Did You Identify Your Target Markets Brilliantly?

Online Course: Lesson Four

Identifying your target markets is the next step for small business marketing success.

Let's start with this question... who can use your products or services?

Well... when most small businesses are asked this question, by FAR, the most common answer is "everybody!" But everybody is not a target market.

Oh sure, "everybody" likes the delicious pastries a bakery serves, and everybody in small business needs just about every one of the services we identified in Lesson One (Marketing Focus)... but (and you probably know what is coming now if you have been through the first lesson) – to market effectively, you really need to narrow "everybody" into something more specific.

Again, this may feel really limiting, but the following analogy really helps you understand why it is not limiting, but instead POWERFUL — not to mention CRITICAL!

Consider the light bulb. It throws off energy in a broad manner, illuminating everything around it. Most people don’t realize, however, that a laser works off the same energy that a light bulb does --- but with a tighter focus. Look what a laser can do that a light bulb can not! Most businesses are marketing to get their message out to anyone and everyone who could possibly use their services and products. They are expending their physical and financial resources like a light bulb. However, if they were to use the same energy like a laser -- with a narrow, predefined focus (a pre-defined segment of 'everybody'), the message would have much more power!

For example: assume an engineer is laid-off (I guess I could’ve said decides to change careers – but since this is a real example, I’ll just tell it like it was...) changes careers, and becomes an insurance agent.

Because everyone can use insurance, the new agent generically markets and "broadly-casts" his message to everybody using things like radio ads, newspaper ads, direct mail campaigns, websites, and local network meetings. Quickly, but after spending a small fortune on ads and memberships, direct mail lists, and web site designers, the engineer figures out that "broadly-casting" this marketing message is expensive and ineffective. Why? Because GENERIC MESSAGES FALL ON DEAF EARS!

In this instance, it is easy to comprehend how much more powerful the agent’s messages would be if they were targeted to, and focused on, engineers. Inside, the agent is an engineer. The agent knows what phrases engineers respond to, and what publications they read; what activities and groups are in, and what is important to them. Once focused, the marketing message would be FAR more effective than the generic "broadly-cast" messages. Now, again, this doesn’t mean the agent turns down business from those other than engineers – it simply means all marketing resources are focused on engineers.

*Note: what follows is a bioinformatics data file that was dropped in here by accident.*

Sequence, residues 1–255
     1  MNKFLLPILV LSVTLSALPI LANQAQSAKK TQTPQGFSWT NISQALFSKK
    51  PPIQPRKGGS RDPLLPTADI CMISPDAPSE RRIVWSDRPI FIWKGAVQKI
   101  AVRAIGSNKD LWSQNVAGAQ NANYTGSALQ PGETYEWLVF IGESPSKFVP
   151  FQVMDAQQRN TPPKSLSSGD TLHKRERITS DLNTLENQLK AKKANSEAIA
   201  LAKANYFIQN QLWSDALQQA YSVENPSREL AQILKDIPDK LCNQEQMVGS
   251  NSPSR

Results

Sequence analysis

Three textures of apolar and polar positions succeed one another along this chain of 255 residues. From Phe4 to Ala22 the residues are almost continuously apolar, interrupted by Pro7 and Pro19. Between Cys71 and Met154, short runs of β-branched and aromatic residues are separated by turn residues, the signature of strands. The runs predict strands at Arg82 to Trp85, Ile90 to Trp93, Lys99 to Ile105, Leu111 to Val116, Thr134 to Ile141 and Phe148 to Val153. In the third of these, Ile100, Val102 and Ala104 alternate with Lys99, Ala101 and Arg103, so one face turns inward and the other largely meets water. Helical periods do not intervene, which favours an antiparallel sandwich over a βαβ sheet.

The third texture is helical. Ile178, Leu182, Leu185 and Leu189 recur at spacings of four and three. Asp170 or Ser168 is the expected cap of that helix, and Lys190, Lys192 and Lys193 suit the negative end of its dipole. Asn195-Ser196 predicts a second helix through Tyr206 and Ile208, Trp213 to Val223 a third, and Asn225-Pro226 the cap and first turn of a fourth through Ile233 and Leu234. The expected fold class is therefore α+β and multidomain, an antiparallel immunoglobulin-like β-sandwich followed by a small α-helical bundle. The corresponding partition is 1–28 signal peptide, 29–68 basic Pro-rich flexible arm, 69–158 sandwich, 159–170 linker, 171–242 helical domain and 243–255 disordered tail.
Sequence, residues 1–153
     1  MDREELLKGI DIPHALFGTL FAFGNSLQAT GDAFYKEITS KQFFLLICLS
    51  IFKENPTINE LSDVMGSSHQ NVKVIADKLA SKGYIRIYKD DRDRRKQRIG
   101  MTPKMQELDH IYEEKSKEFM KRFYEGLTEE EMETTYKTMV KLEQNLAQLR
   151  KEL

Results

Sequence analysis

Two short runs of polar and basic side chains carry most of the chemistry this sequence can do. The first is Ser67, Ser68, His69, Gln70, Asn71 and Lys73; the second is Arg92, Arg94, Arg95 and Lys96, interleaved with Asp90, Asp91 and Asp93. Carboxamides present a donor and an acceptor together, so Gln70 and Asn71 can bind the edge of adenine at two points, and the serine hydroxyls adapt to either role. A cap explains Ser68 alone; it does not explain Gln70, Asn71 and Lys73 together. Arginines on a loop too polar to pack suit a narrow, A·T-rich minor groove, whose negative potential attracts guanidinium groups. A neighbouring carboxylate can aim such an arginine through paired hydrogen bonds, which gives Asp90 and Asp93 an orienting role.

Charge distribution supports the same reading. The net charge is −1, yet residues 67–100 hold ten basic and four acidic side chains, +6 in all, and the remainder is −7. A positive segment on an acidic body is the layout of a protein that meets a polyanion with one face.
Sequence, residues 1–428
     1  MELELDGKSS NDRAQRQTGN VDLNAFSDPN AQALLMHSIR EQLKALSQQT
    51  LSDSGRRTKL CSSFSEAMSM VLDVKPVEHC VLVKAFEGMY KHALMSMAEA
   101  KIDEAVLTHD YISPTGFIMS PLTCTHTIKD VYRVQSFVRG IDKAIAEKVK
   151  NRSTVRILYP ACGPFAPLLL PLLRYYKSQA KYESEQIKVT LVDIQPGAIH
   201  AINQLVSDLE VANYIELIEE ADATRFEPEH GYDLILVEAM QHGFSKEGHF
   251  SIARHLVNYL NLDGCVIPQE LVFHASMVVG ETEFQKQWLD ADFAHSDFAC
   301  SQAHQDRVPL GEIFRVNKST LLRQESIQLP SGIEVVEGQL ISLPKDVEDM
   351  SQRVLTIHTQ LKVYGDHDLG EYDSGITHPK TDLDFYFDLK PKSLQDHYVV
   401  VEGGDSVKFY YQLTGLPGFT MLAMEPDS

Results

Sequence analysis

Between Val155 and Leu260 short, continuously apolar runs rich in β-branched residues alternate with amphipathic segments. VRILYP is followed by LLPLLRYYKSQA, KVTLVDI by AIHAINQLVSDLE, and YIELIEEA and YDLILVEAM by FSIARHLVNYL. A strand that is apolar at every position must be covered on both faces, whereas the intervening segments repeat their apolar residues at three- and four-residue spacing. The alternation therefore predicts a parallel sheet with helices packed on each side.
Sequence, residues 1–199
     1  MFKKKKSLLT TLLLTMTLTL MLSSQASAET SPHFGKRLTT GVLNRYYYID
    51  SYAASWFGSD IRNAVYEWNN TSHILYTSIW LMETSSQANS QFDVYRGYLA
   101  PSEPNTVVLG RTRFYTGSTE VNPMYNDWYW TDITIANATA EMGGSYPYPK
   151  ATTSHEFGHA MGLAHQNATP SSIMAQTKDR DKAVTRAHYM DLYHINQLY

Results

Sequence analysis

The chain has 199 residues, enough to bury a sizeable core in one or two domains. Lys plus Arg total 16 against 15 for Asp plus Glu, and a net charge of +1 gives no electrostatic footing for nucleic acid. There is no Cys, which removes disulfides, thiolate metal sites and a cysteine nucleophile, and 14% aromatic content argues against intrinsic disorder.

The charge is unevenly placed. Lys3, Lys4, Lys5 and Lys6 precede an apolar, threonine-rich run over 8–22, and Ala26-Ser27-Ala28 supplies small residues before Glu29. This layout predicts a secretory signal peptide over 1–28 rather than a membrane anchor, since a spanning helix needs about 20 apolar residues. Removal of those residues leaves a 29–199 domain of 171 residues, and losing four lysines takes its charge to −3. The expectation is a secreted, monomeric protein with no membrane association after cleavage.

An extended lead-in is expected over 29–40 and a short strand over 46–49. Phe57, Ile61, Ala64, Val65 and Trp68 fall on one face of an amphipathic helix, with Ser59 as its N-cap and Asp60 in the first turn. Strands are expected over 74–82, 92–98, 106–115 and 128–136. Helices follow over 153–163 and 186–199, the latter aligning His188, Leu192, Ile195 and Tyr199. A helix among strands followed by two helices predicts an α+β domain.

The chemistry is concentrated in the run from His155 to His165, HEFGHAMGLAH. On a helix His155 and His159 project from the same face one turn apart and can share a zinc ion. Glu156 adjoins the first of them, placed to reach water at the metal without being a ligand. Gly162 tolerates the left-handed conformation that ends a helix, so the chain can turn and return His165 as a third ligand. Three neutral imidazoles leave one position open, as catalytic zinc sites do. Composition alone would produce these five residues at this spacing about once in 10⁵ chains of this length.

Okay, so now that you see the light (pun intended, I couldn’t resist), the question is how do you determine what is your best target market?

Well in a perfect world, you would have lots of money and time to put into research and focus groups, and market studies. But this is reality, and chances are, you need to determine who your best target market is as quickly and as cheaply as possible. So, with that in mind, there are some questions that we were able to identify over the years, that really help identify what your best target market(s) should be.

1) End Consumer Target Market . What individuals could benefit from your products or services? ("Everybody" doesn't count!) Which of these individuals can easily be easily found in groups or organizations? Do they have expendable income? Are there a lot in your geographical regions? Is your competition targeting this group? Can you easily attain credibility with this group? Do you "speak their language?" Is it geographically feasible or profitable to service them? Will they be excellent references?

2. Referral Target Market What professions, groups, etc. would be excellent referral sources for your business? Of these, are there a lot of them in your geographic area? Will it be easy and relatively inexpensive to get your message to this group? Would they be interested in free services or products from your business (as a referral thank you?) Is there anything you can sell or provide for them that would increase their business also? Is their target market the same as your target marketing? Is your business convenient for the majority of their clients?

Recommended Actions:

After defining your target markets, document them in your Living Marketing Manual under the Messages tab.